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BlackBerry ThreatVector Blog

Case Study: We Cannot All Succeed When Half of Us Are Held Back

Author’s Note: BlackBerry completed its acquisition of Cylance on February 21, 2019. ACE Pacific Group has since become a BlackBerry partner and is currently selling the CylancePROTECT® and CylanceOPTICS® solutions under the newly rebranded names BlackBerry® Protect and BlackBerry® Optics. All references to the Cylance organization and its branded products and services in this blog utilize BlackBerry branding.

On July 12, 2013, the United Nations General Assembly celebrated Malala Yousafzai’s 16th birthday by inviting the Nobel Peace Prize Laureate to speak publicly for the first time since the Taliban attack that left her and two schoolmates seriously wounded nine months before.[1] Accompanied by youth representatives from the organization’s 193 member states[2], Malala urged government and world leaders to provide free universal education for all children and ensure freedom and equality for women, stating, “We cannot all succeed when half of us are held back.”[3]

Universal access to quality education and gender equality comprise the fourth and fifth Sustainable Development Goals[4] (SDGs) adopted by the UN Member States in 2015. International agreements are important for social and economic development because they help establish legal frameworks for ensuring human rights. However, it’s often incremental improvements at the local level that make the most immediate and meaningful differences in people’s lives. It’s here that BlackBerry customer The Singapore Muslim Women’s Association (PPIS) has chosen to focus its programs and resources.

PPIS provides essential services for Singaporeans at 16 centers dispersed across the city. PPIS Family Services provides casework and counseling for clients contending with marital issues, family violence, and childcare and parenting concerns. Its Early Childhood Education Centers provide parents with quality infant care, kindergarten, and preschool education. PPIS Student Care Centers offer before- and after-school programs for children aged 7 to 14.

On April 3, 2020, a spike in new COVID-19 cases prompted Singapore Prime Minister Lee Hsien Loong to mandate a nationwide partial lockdown or “circuit breaker” that closed non-essential workplaces, transitioned schools to home-based learning, and restricted restaurants to take-out, drive-through, and food deliveries only.[5]

PPIS remained open throughout the circuit breaker and its aftermath. In June, PPIS began offering three months of free student care services[6] at two of its centers, enabling unemployed parents to search for jobs knowing their children would be safe and their homework supervised. PPIS social workers increased the frequency of their video calls to low-income families to assess the heightened risks to young children, the elderly, and people with disabilities. The nonprofit also launched a Women in Need (WIN) Fund that provides seed money for women who have lost their jobs to start home-based and/or online businesses.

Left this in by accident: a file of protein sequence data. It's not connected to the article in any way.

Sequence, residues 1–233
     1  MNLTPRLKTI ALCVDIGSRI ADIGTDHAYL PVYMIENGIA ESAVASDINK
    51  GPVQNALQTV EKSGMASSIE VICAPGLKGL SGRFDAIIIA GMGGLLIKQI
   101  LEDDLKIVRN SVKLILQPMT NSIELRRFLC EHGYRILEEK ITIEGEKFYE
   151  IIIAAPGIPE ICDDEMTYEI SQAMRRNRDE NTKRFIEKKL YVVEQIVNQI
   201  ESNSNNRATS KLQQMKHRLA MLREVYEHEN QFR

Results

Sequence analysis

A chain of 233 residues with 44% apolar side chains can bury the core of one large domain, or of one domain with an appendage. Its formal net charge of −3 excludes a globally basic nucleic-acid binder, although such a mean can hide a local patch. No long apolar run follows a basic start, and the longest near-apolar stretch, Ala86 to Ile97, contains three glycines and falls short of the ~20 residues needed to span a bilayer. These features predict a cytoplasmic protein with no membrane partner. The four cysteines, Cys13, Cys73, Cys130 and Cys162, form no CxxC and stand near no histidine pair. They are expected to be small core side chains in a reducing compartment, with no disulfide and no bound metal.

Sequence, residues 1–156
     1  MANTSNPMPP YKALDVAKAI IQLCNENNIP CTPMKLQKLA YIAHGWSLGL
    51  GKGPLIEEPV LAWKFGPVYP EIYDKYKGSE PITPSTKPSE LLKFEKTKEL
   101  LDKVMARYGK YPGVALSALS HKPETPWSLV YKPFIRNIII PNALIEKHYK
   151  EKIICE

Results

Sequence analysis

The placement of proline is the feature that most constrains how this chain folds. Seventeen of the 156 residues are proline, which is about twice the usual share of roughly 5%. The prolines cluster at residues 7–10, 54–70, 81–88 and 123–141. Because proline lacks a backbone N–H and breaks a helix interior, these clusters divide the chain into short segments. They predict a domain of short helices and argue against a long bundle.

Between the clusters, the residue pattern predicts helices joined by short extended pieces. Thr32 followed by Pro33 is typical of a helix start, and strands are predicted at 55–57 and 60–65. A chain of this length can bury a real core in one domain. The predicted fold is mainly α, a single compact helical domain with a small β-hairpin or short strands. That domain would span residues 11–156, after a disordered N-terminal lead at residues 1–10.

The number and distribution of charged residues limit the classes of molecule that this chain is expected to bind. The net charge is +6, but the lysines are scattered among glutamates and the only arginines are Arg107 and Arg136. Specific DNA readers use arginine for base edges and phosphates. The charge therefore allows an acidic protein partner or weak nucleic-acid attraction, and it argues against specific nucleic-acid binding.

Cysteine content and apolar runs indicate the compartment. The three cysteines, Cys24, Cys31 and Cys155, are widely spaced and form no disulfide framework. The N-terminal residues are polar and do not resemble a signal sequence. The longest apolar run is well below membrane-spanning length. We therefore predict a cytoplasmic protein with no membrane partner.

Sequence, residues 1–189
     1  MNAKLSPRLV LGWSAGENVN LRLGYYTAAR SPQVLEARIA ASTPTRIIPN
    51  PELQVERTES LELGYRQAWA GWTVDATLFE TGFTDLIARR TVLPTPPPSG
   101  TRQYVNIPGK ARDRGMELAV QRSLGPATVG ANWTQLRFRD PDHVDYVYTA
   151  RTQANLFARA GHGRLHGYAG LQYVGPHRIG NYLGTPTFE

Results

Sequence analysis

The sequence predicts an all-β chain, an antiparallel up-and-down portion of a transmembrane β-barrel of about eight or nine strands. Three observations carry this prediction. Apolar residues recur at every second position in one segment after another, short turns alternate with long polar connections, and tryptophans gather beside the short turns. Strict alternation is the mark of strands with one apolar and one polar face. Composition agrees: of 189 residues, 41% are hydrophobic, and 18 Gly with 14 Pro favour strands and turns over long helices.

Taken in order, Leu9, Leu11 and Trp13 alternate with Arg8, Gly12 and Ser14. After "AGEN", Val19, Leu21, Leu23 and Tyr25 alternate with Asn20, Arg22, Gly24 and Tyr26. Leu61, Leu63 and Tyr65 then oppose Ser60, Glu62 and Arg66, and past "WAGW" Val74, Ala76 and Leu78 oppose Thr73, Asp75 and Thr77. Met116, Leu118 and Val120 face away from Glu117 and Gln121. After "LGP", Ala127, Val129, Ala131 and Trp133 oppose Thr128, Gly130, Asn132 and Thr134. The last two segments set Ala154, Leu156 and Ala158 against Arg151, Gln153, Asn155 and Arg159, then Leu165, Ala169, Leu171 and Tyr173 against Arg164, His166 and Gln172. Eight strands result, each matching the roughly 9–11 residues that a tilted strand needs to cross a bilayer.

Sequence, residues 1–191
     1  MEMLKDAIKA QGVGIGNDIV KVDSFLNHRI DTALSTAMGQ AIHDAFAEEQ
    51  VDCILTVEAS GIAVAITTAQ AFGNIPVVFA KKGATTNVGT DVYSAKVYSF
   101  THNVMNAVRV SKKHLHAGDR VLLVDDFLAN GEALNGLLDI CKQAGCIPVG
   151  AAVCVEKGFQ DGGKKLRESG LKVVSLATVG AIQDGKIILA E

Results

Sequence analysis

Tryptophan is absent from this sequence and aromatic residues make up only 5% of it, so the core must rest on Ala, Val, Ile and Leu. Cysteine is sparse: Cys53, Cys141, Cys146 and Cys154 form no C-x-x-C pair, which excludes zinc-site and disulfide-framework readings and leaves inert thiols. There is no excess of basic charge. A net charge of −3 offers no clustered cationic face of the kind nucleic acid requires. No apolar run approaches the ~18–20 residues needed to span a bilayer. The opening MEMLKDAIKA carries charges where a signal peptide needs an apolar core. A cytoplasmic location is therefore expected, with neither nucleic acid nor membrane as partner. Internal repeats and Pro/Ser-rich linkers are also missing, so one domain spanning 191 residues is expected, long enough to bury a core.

“It’s essential for our teachers, counselors, and social workers to provide uninterrupted service to Singaporeans without sacrificing the privacy and confidentiality of our clients’ data,” says PPIS Information Technology Manager Thariq Aziz Abdul Hamid. “This begins with protecting our networks and Microsoft 365® applications from being compromised by a cyber attack. We rely on BlackBerry® Protect to prevent that from happening.”

Learn more about PPIS and its partnership with BlackBerry and BlackBerry partner ACE Pacific Group.

[1]
Malala Yousafzai: timeline of the Pakistani campaigner's life
[2] Malala Yousafzai urges world leaders at UN to promise safe, quality education for every child
[3] Malala Yousafzai: 16th Birthday Speech at the United Nations
[4] 17 Sustainable Development Goals
[5] Coronavirus: Most workplaces to close, schools will move to full home-based learning from next week, says PM Lee
[6] Free Student Care Services to Help Job Hunting Parents

Stephen Mak

About Stephen Mak

Vice President, Asia Pacific (Spark Division)

As a Vice President, Asia Pacific, Stephen is responsible for driving sales strategy and business development for BlackBerry’s Spark Division, leading business growth across Asia Pacific regions. Stephen oversees the development of strategic accounts and leads the team to deliver comprehensive cybersecurity solutions and services to customers.

Prior to BlackBerry in 2019, Stephen spent five years at Splunk in a variety of leadership roles, most recently as Head of Partners, APJ leading the company’s sales and channel management. He then joined Sage as a Country Manager, Greater China, and South Korea, focused on growing the business for Sage across North Asia regions by expanding their sales organization and partner eco-systems.

Stephen has spent over three decades in the IT industry and has 25 years’ experience in the Sales, Channel and Business Development in Asia with proven track records for both global tech companies and start-up.